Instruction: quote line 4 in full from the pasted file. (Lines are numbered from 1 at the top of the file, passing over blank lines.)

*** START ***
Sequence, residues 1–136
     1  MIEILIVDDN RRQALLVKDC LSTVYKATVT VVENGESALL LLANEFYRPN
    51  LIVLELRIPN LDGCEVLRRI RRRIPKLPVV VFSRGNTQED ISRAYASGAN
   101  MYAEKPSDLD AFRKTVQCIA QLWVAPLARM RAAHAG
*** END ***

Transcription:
   101  MYAEKPSDLD AFRKTVQCIA QLWVAPLARM RAAHAG